Kotor and the bay on which it sits is a great place to explore. Whether on the water, strolling through the Old Town, or taking a hike or ride up into the mountains for a million dollar view, there’s plenty to fill a few days here. We found a few things to do during our brief visit that might inspire you as well.
Bike Along the Inlet Coast
The road that encircles the Bay of Kotor is custom made for motorbike riding. There are views from most of the 65 kilometers along the waterfront. There’s also lots of great stops along the way, of the course the town of Kotor, restaurants, and cafes, and don’t miss the little towns of Herceg Novi, Perast, and Risan, to name a few. From the main loop road you can find roads to climb up into the hills to get great views of the bay and surrounding mountains. It’s a great way to explore.
Visit the Risan Mosaics
As we drove along the main road around the bay, we saw a sign for ancient mosaic ruins. Although we planned to head to Bitola in Macedonia to see the real deal, our interest was piqued to see what the ruins of Risan offered. So we pulled up to a small unassuming building and walked in the entrance. There were a couple young women at the main desk and they seemed a little surprised to see visitors. When we told them we were interested in seeing the mosaics, they showed us where they were and charged us the $2 entry fee. They seemed proud of the display, but not terribly interested in taking us around and showing them to us. What we found on our own were several beautiful examples of second century Roman mosaic floors with some incredibly detailed patterns, as well as a figure of Hypnos, the goddess of sleep and the only known image of the goddess.
Climb the Fortification to Our Lady of Health (& beyond)
You can climb the fortification from Old Town to the top where there are panoramic views of Kotor and the bay, as well as the surrounding mountains. Lots of switchbacks to get up there and it’s good to pack some extra lungs. This hike isn’t for the faint of heart. you’ll get progressively better views as you head up, and pass by the Church of our Lady of Health, stop in and light a candle, take a peek at the church, then keep climbing. You’ll eventually reach the top at the old San Giovanni (St. John) fortress, just ruins now, but the effort is worth the view!
Walk the Streets of Old Town Kotor
Kotor is another of the many Old Towns in the Balkans that great to walk through for a day. While not exactly Dubrovnik, there are many charming side streets, walkways, and squares with restaurants and cafe to sit and while the days away. Although we only had a brief visit here, it was well worth the time and I only wish we had a bit more time to really dive deep into the town.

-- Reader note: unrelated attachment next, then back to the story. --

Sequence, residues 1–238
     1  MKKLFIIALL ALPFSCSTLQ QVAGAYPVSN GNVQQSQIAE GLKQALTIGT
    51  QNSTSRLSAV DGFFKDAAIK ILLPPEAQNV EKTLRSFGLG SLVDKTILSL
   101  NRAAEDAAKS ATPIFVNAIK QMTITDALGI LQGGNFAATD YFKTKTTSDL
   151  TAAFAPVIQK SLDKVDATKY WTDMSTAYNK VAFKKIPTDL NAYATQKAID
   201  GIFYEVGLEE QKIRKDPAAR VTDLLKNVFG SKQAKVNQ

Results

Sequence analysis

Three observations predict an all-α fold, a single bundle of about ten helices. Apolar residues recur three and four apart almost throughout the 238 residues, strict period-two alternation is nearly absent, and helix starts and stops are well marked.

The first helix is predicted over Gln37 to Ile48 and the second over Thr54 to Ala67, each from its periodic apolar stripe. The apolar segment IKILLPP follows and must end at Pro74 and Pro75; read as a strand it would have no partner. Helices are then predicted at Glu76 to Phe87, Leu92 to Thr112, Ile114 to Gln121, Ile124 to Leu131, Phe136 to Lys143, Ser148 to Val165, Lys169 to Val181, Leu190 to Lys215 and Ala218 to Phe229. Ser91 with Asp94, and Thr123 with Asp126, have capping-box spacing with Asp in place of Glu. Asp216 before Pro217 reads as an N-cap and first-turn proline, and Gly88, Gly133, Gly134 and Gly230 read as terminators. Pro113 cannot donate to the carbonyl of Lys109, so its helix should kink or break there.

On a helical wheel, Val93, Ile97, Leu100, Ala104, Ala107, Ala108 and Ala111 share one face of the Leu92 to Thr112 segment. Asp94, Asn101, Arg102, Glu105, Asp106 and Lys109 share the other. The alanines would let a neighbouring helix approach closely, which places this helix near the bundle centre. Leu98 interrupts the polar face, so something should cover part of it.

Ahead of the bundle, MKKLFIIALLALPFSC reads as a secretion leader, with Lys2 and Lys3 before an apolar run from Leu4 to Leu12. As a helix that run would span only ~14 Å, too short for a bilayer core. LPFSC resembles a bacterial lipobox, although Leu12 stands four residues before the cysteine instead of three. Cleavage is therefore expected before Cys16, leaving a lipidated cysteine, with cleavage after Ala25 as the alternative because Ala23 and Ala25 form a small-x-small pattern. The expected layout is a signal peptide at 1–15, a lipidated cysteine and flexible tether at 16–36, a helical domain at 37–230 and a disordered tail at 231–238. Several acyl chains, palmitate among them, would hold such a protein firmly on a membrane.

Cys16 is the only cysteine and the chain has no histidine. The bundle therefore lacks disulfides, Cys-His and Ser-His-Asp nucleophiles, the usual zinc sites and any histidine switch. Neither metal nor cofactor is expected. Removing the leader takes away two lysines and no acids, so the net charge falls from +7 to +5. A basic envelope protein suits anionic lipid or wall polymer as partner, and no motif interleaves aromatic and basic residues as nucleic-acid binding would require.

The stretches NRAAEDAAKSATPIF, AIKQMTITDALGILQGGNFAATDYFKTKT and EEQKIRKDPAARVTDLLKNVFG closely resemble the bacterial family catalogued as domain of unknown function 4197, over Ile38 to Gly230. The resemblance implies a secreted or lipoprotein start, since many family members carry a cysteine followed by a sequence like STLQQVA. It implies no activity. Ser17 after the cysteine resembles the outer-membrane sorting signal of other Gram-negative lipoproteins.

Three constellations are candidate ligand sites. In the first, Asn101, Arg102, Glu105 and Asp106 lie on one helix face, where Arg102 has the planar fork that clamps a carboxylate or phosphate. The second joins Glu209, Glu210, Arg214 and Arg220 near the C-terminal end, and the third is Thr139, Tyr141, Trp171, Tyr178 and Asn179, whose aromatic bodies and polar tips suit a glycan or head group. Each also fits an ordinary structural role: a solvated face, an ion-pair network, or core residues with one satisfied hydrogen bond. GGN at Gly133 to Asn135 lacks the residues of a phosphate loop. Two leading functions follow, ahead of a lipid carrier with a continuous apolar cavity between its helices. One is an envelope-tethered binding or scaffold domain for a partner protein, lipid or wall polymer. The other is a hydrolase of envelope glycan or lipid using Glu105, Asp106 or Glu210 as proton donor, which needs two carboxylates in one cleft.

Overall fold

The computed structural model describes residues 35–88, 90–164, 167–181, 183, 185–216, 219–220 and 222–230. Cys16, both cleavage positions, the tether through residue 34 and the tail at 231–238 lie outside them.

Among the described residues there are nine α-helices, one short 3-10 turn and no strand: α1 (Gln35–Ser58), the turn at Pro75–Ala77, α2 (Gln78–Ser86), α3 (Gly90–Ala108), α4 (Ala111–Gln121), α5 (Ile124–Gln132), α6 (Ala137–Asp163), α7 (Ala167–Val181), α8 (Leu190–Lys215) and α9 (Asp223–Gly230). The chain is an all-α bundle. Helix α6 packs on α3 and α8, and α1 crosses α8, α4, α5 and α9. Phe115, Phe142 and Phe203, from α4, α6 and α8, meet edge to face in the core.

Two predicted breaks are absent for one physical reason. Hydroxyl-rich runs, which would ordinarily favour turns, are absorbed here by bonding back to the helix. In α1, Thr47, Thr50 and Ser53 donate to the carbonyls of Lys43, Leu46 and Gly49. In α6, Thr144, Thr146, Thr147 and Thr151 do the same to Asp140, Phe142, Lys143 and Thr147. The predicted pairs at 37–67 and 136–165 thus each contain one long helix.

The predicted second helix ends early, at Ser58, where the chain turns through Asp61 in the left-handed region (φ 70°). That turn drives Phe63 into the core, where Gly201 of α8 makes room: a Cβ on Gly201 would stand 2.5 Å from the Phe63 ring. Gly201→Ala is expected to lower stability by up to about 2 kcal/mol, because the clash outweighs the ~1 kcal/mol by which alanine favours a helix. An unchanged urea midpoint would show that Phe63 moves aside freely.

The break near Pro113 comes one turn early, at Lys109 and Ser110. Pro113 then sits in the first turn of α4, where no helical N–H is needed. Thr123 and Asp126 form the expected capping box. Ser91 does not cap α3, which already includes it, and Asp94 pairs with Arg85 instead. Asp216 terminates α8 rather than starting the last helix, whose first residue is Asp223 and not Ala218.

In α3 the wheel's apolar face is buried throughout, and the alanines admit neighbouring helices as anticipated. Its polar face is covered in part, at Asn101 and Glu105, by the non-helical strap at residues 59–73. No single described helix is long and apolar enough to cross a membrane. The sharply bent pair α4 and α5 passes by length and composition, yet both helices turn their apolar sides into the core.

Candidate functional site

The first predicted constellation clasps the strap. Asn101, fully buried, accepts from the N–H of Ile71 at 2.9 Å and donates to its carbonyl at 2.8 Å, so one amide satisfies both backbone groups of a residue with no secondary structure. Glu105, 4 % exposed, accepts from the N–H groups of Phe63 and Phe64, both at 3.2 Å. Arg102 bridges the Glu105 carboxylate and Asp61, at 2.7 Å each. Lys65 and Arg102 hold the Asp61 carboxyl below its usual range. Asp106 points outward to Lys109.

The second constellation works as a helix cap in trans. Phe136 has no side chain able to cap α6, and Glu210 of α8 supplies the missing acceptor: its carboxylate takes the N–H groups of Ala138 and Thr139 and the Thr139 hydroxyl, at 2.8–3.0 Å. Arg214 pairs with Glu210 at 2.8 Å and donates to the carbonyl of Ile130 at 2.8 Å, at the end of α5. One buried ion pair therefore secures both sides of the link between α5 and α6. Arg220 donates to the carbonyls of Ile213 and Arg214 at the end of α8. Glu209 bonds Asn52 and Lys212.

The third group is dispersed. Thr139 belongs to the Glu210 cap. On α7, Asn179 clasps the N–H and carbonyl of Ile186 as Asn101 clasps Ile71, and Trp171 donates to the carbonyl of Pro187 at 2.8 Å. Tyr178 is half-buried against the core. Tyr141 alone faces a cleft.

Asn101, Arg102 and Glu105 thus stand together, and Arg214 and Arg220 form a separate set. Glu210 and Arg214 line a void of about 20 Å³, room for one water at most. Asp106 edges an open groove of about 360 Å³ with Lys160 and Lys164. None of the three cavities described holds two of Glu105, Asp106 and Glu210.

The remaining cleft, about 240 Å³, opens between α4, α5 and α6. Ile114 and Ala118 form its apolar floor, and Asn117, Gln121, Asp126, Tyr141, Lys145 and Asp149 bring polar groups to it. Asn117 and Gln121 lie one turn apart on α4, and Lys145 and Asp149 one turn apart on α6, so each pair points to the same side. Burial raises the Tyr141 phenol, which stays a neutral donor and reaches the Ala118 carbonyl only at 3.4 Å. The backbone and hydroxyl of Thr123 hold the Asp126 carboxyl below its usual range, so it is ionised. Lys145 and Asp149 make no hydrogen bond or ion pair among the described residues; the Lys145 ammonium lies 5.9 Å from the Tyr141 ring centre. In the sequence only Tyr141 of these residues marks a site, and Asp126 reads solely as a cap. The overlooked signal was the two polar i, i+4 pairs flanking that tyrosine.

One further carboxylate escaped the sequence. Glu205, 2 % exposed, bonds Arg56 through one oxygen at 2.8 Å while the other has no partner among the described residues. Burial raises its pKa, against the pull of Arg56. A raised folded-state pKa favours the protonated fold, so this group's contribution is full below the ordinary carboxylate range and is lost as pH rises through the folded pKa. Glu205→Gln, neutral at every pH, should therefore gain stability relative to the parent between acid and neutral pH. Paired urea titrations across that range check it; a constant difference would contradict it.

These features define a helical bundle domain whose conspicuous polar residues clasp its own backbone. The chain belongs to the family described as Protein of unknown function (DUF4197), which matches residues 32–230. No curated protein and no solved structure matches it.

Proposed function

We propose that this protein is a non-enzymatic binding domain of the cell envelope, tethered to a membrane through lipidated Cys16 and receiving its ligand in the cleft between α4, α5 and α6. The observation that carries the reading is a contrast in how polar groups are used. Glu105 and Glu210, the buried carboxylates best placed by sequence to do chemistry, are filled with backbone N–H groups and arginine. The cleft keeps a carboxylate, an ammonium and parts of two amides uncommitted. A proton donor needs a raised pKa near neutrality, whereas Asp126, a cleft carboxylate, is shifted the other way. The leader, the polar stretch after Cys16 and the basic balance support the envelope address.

The medieval Old Town of Kotor is likely one of the best preserved in all the Balkans and perhaps all of the Adriatic. It’s a UNESCO World Heritage Site for good reason. The city is encircled by a 3 mile long wall that not only surrounds the Old Town on level ground at the water’s edge but also goes clear up the hillside! It’s pretty incredible to see and then imagine them building this thing centuries ago. There must have been some forced labor for this job, I can’t imagine who would do it willingly. The fortifications were started in the 600s and the walls that are in place today were largely completed in the 1400s. The walls are up to 60 feet tall and range in thickness from 5 to 50 feet! You can hike up all the way to the top and visit some ruins and churches along the way. If you don’t have the stamina to make it to the top, there are several churches and castles to explore closer to sea level.
Drive the treacherous M2.3 from Risan to Pluzine
So as we headed out of Kotor and stopped by Risan to see the mosaics, we found a switchback road that appeared to lead up and out of Risan into the mountains and away from the bay. Although the main road wasn’t too far back from the way we came earlier in the morning, we decided to save a little time and take the adventure up the hill. Well it was quite the adventure alright. In the end the road turned out to be OK, but when you’re heading up a mountain switchback road that gets worse and worse as you go up, and it feels you could just tip over into the bay at any moment, you start to wonder what happened to your decision making skills. It was basically a one lane road (mostly paved) that must at one time have been the main way up the mountain. Now with the new road in, it has fallen out of favor and into disrepair. But how exhilarating once we reached the top and survived! I almost wanted to go back and do it again but there was definitely a sigh of relief as we joined the main road.
The route through the mountains at the top was great fun. Good roads and great vistas, we were headed in the right direction. As we reached Pluzine near Durmitor National Park, we found another dicey switchback road to take up into the park. Apparently one of the main ways into the park, this is not something that would fly in the states. The switchbacks went through tunnels in the mountains, but the tunnels were not in any way finished nicely with concrete or any protection from falling debris in the tunnels. It looked like they just dug the tunnel and walked away. It was a fun ride and after the trip up and out of Risan, seemed like a walk in the park, or at least to it…